What is the value of marine cultural heritage? Indeed, what is the value of cultural heritage, or more broadly even, culture? I have been interested in these questions since I decided to study Museum Studies in 2008, and they are still relevant now that I am looking at what marine cultural heritage (MCH) can contribute to social, economic and cultural development challenges in eastern Africa. Obviously, I am not the first person to ask these questions and I will definitely not be the last, as the answers are varied and dependent on who you ask. The fact that cultural heritage (and MCH by extension) is valuable to our lives is often not at issue, but how we go about demonstrating these values is. How do you measure inspiration, a change of mind, an eye-opening moment, a rekindled memory, or a feeling of belonging? It may be slightly easier to measure the value of cultural heritage for education or for social cohesion but even that can result in ‘vague’ statements if it goes beyond the number of visitors and school visits. Currently, the emphasis lies on the economic benefits of cultural heritage, and most methodologies use quantifiable metrics such as what visitors to heritage sites contributed to the economy, how many jobs have been created in the creative sector or how much the cultural sector participates in the tourism industry. Indeed, the methodology manual for the UNESCO Culture for Development Indicators states that: ‘The notion of heritage is important for culture and development insofar as it constitutes the ‘cultural capital’ of contemporary societies’ (2014, 130). But is that really all that cultural heritage does? How can we put in place measurements for the non-quantifiable stuff that is perhaps key to understanding why cultural heritage is so important for society, for us as human beings? Working as a post-doc at Rising from the Depths has made me think even more about the challenge of understanding the importance of MCH, because in a development context it is even more pertinent to justify why money is being spent on preserving, researching and presenting MCH. On top of that, our network is specifically looking at the benefits MCH can bring to development, which means thinking about the different ways in which MCH can contribute to society is integral. While an increasing number of publications have started to criticise the ways in which development is being tied to economic growth and being measured in terms of contributions to GDP (although a number of indexes and measurement tools have started to move away from this) it is still by far the largest component of justifying overseas development aid funding. In my ideal world, we would turn away completely from thinking about cultural heritage in economic terms and consider the intrinsic qualities of the sites, traditions and materials that we want to keep for the future. Personally, cultural heritage does not have to be a resource for making money to enjoy it, but with my obvious interests and background that might just be me. But since I can’t live in my daydreams, I am now looking at how we can measure social, economic and cultural impact delivered by MCH projects. I don’t have any answers yet but the hope is that as the Rising from the Depths project progresses we will start to learn more about the diverse effects of MCH in Kenya, Tanzania, Mozambique and Madagascar through the individual projects that have been funded. We will trial evaluation methods based on Theory of Change to find out how we can best create evidence of the benefits of MCH in eastern Africa, and particularly how it can help to achieve the UN’s Sustainable Development Goals. As a network of scholars from all disciplines we are happy to hear from other people and initiatives grappling with these concepts, so if you want to get in touch feel free to do so! This is very much an on-going conversation and we will be updating this blog as we go along.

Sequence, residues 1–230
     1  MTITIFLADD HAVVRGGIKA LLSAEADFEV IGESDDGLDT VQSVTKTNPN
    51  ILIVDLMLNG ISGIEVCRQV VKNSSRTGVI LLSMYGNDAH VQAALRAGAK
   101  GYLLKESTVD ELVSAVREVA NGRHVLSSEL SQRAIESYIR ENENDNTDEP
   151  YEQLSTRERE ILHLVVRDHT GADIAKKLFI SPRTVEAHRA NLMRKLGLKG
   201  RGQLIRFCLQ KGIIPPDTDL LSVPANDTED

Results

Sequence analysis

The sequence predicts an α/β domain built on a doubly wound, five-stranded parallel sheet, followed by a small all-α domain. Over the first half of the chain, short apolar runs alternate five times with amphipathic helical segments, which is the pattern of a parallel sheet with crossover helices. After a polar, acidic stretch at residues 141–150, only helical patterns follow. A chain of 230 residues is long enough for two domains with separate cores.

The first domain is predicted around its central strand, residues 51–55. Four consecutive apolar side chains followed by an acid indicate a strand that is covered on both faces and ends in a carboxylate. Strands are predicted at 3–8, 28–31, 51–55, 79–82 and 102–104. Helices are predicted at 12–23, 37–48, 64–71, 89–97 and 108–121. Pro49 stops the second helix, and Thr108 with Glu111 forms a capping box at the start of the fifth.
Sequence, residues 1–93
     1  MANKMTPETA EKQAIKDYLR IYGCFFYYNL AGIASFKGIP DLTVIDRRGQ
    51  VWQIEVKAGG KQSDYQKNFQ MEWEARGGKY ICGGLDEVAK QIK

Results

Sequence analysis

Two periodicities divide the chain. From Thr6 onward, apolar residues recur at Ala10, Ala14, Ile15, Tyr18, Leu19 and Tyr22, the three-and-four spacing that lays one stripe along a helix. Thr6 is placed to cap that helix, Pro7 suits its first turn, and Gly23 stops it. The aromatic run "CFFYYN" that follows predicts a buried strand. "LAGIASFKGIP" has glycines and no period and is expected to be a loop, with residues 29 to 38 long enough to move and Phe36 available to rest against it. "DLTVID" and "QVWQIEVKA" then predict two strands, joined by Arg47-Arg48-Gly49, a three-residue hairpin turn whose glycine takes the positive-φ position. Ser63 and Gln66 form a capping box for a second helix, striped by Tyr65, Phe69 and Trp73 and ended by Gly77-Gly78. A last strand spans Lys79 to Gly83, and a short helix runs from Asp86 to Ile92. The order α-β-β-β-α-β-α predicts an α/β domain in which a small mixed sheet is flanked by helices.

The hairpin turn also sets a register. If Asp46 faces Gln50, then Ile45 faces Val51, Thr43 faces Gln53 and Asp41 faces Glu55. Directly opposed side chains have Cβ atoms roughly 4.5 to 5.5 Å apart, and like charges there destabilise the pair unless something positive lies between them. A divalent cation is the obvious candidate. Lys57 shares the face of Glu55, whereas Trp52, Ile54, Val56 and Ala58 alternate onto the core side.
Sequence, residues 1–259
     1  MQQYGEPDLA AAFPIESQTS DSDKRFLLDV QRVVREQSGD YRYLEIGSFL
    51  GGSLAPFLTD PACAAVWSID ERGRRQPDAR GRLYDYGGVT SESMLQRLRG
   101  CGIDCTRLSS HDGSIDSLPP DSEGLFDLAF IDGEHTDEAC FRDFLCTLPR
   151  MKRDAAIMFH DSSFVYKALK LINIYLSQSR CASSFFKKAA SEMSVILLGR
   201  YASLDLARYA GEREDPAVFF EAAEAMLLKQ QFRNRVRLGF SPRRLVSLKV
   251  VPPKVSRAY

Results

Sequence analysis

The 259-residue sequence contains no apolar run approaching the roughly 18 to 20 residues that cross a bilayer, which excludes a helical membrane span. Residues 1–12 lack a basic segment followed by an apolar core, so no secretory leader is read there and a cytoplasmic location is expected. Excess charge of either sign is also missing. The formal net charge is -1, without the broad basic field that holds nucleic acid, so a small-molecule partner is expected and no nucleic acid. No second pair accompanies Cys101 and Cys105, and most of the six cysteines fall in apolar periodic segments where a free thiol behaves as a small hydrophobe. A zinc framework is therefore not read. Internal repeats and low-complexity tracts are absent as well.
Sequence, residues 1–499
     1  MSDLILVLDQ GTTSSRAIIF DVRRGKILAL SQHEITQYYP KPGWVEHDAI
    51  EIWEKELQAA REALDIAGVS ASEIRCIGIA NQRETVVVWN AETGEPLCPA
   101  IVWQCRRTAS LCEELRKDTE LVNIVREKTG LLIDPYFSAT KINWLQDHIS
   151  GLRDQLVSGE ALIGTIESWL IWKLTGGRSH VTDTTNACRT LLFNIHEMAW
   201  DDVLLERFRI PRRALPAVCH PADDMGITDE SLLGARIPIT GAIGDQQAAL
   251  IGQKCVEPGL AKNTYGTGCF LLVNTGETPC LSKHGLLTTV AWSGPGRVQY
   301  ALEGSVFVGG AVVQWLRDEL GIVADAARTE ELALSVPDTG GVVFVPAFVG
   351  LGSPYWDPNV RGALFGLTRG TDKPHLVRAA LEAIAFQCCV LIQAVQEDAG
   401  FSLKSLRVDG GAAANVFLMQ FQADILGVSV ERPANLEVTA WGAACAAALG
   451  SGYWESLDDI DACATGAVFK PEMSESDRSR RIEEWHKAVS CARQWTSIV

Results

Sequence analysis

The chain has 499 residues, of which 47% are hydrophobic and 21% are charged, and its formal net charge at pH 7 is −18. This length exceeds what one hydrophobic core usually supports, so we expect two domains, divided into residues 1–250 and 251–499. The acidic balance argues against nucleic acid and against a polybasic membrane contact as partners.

Thank you for reading,